By Maggie Slepickova Grove
For most of my life I’ve been connected to the Czech Republic. Although I was born and raised in Iowa, it seemed like I no matter where I went or what I did, the Czech Republic was always important.
At four years old, my mom, dad and I packed up our house, left our cat, and moved to what was then Czechoslovakia. We lived in a small college town called Olomouc, where my dad taught English, and I went to preschool. From that experience, my memories are few and far between. I remember wanting a pair of shiny black saddle shoes, which every girl in my class had, I remember the little store on the corner that had lots of Hello Kitty paraphernalia, and I remember sitting at the back of a small auditorium as my father directed the play Sweeney Todd: The Demon Barber of Fleet Street. Considering we were there when a revolution was brewing and then witnessed the actual revolution first-hand, you’d think my memories would be less trivial.
Since no one knew if the aftermath of the revolution would be dangerous, my mom and I moved back to the States earlier than expected. Life continued in a normal fashion, I attended school, got involved in sports, music, and theater, made friends, and traveled a lot. But the friendships and ties to the Czech Republic lived on through my families’ friends and my dad’s frequent trips back.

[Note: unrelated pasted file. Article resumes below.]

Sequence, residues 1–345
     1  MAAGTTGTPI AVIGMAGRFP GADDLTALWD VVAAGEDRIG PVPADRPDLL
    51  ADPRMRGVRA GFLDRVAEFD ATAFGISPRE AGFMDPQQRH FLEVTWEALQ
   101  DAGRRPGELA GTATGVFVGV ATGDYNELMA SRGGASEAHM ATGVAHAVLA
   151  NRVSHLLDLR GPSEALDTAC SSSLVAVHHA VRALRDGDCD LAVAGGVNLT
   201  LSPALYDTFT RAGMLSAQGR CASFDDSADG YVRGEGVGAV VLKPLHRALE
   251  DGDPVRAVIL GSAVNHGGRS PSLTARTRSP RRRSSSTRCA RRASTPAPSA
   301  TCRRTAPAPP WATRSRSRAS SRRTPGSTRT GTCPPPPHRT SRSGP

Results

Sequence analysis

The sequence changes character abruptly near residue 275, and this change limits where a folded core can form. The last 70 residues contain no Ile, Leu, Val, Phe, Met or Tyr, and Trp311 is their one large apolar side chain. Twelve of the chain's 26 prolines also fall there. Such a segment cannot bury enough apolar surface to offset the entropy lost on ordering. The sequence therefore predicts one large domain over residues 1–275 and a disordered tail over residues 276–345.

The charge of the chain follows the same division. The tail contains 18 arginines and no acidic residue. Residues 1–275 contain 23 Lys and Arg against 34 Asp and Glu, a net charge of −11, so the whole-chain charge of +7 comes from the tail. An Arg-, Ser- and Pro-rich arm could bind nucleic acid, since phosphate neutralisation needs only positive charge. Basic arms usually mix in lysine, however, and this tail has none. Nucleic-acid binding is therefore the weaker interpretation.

Upon graduating from college, a chance to work in movies led me to Hollywood, but within months, the realization that moviemaking wasn’t for me lead me to the decision to get out, explore the world, and try something new. Thanks to my father’s connections, Brno, the second largest city in the Czech Republic, was to be my new home.
My intentions for the move were two-fold, travel the world and get experience teaching before I spent money on grad school. Little did I know that my new life also included meeting my future husband, getting two pug dogs, and starting two of my own businesses: a language school and an online language learning system. The one year I had planned to stay turned into six, traveling often meant coming home to visit family and friends instead of going all around Europe, and teaching eventually was only one of my many jobs.
As with any place I’ve moved to, it took time to develop relationships and find a community, but by the time I was saying goodbye to the Czech Republic, I realized how much I was leaving behind. It’s a strange feeling living away from your own country for so long; you are always an outsider, but overtime, you begin to find your place in that foreign world, which feels more and more like home. Now, I often feel like I really am a mix of both worlds.
The interesting part of moving back to Cedar Rapids after ten years, are the things which I notice that I would never have noticed before. Having a Czech husband also helps to open my eyes to the differences and similarities, just as I opened his eyes as a foreigner in his country. As I adjust to life here and explore and get used to the city of my adolescence, I will be writing entries for this blog, reflecting on my life on the Czech Republic and recording my thoughts on American life. I hope to bring a unique perspective to what it’s like to live abroad and also here at home.
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